Ramadan is a special month, not just for Middle Easterners, but for all Muslims around the world. Ihsan and many others look forward to this month the whole year. Ihsan anticipates the arrival of Ramadan, when the thin crescent of new moon is spotted in the sky, like the best gift of the year.
When Sha’ban, the month before Ramadan starts, Ihsan and many others begin preparing themselves.
Spiritually, Ihsan prepares his heart for an intense time of focusing on God. He checks if he needs to make up any days of fasting he missed the previous year, because of sickness or traveling. He reads the Quran, the holy book that sets out the tenets of his faith.
“There is a commitment,” he says. “You need to be pure.”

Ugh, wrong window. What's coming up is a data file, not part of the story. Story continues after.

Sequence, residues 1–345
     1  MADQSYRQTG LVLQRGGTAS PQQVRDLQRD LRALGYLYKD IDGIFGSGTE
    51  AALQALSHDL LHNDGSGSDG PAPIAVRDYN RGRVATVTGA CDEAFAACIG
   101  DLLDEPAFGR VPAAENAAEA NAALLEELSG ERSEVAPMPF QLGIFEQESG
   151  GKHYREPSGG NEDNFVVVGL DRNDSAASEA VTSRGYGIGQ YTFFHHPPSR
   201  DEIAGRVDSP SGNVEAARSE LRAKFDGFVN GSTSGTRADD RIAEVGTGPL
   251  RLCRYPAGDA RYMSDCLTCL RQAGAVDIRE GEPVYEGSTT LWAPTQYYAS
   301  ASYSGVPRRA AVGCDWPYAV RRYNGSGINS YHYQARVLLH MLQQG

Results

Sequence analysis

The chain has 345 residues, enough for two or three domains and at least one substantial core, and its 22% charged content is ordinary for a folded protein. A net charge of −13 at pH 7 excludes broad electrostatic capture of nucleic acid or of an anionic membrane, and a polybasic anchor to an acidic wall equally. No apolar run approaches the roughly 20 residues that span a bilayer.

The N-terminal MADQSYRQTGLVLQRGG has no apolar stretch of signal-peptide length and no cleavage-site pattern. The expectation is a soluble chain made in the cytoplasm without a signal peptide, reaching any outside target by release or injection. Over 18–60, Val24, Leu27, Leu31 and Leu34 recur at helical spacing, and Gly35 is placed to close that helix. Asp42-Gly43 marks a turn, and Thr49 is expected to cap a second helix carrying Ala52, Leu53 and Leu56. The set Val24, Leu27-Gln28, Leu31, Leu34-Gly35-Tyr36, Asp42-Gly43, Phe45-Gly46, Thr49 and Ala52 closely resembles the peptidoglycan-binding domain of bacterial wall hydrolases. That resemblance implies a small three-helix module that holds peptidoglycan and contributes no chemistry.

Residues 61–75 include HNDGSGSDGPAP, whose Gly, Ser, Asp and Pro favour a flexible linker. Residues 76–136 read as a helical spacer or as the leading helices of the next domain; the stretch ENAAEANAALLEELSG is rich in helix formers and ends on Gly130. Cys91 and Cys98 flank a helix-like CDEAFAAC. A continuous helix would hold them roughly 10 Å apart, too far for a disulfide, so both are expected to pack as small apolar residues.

For so many Muslims, one of the things that makes Ramadan special is spending time with family. There are so many special memories made. For Ihsan, he will miss out on much of that this year. He is beginning Ramadan with his wife and children in the south of Iraq, visiting their extended families.
But by the end of this week, Ihsan will return to northern Iraq alone. This year, Ihsan will set new Ramadan patterns and traditions on his own, while his family remains in southern Iraq.
For Ihsan, Ramadan will mean giving up more than food and tea. While he looks forward to this season for deepening his faith, he also looks forward to celebrating the end of Ramadan, reunited with his family.
Ramadan is a beautiful month, one of reflection and prayer. It’s a month for community and acts of service. Around the world Muslims are praying and fasting, observing this most holy tradition. Will you join Ihsan and the Qureshi-Rehmans in their journey through Ramadan?